Repetitive head impacts are associated with development chronic traumatic encephalopathy (CTE). Some individuals diagnosed with CTE, a neurodegenerative disease, after death were reported to experience sleep dysfunction, but the type of disorder and its cause has never been formally explored.

A team led by researchers at the VA Boston Healthcare System and Boston University School of Medicine analyzed the brains of 247 athletes donated to the Veteran’s Affairs-Boston University-Concussion Legacy Foundation (VA-BU-CLF) Brain Bank to explore the relationship between contact sports participation, multiple brain diseases, and symptoms characteristic of rapid eye movement (REM) sleep behavior disorder (RBD). REM sleep behavior disorder occurs when the paralysis that normally occurs during REM sleep is incomplete or absent, causing individuals to “act out” their dreams by talking, flailing their arms and legs, punching, kicking, grabbing, and more.

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While an estimated 1% of the general population suffers from REM sleep behavior disorder, scientists found that 32% of the contact sport athletes with CTE experienced sleep symptoms characteristic of REM sleep behavior disorder. The study’s results are reported in the journal Acta Neuropathologica.

The researchers hypothesized that this surprisingly increased frequency might be due to exposure to repetitive head impacts. Supporting this association, “we found that CTE participants with probable RBD symptoms had played contact sports for significantly more years than participants without these symptoms,” says Jason Adams, an MD/PhD student now at the University of California, San Diego, and first author of the study, in a release. “The odds of reporting RBD symptoms increased about 4% per year of play.”

The study further examined the brains of those with CTE and RBD and found an unexpected association between sleep dysfunction and pathology. Most patients with RBD have Lewy body pathology and are associated with Parkinson’s disease. But most of the CTE participants with RBD symptoms did not have Lewy pathology. Instead, compared to CTE participants without sleep symptoms, they were four times more likely to have tau pathology within brainstem nuclei involved in REM sleep.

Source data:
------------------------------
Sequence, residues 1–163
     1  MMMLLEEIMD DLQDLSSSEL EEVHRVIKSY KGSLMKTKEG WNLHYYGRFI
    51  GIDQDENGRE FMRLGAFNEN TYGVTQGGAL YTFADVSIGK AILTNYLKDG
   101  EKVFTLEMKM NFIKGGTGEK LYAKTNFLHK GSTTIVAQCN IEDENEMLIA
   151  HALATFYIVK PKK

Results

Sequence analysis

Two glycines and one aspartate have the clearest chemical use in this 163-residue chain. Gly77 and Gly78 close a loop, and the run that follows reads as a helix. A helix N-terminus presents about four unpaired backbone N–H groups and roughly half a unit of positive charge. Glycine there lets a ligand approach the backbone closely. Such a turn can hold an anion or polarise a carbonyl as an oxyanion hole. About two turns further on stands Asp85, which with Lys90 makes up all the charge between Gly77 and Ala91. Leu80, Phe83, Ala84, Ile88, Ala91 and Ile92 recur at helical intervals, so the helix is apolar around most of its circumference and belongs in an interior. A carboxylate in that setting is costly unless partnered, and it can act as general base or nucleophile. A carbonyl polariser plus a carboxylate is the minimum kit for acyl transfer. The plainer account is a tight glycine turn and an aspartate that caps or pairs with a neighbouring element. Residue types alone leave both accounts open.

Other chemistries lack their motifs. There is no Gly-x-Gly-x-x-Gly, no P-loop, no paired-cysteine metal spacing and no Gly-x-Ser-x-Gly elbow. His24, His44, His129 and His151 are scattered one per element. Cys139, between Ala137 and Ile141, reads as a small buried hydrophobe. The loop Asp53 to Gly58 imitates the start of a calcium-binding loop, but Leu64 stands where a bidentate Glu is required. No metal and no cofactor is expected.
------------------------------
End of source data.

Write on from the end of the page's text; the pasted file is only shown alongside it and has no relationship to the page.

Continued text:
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“Contrary to our expectations, tau pathology in the raphe nuclei was more strongly associated with RBD than Lewy body pathology, suggesting that tau pathology is more likely to lead to sleep dysfunction in CTE,” says Thor Stein, MD, PhD, a neuropathologist at VA Boston Healthcare System, assistant professor of pathology and laboratory medicine at BUSM, and the corresponding author of the study, in a release.

Although traumatic brain injury has previously been associated with REM sleep behavior disorder, the present study presents a link between probable RBD, contact sport participation, and brainstem tau pathology. The research group has previously shown that degenerative brain changes and associated clinical symptoms are correlated with total years of contact sports play. In prior studies, the number of years of contact sport participation was found to predict the severity of tau pathology in the brain as well as the CTE stage and was separately associated with the development of neocortical Lewy body disease. Additionally, the group has found that individuals with a history of repetitive head impacts and neuropathological diagnosis of CTE accumulate beta-amyloid at a younger age and accelerated rate and have an altered pattern of beta-amyloid deposition within blood vessels.

“Overall, more and more studies are showing that repetitive head impacts that can occur in contact sports are associated with increased risk for multiple neurodegenerations,” Stein says.

The new study advances our understanding of the consequences of repetitive head impacts in contact sports on the development of clinical symptoms and the pathology that underlies them, but further work is necessary to better define the risks associated with repetitive head impacts and neurodegeneration. The researchers would like to thank all the families who donated the brain of a loved one to make this study possible.

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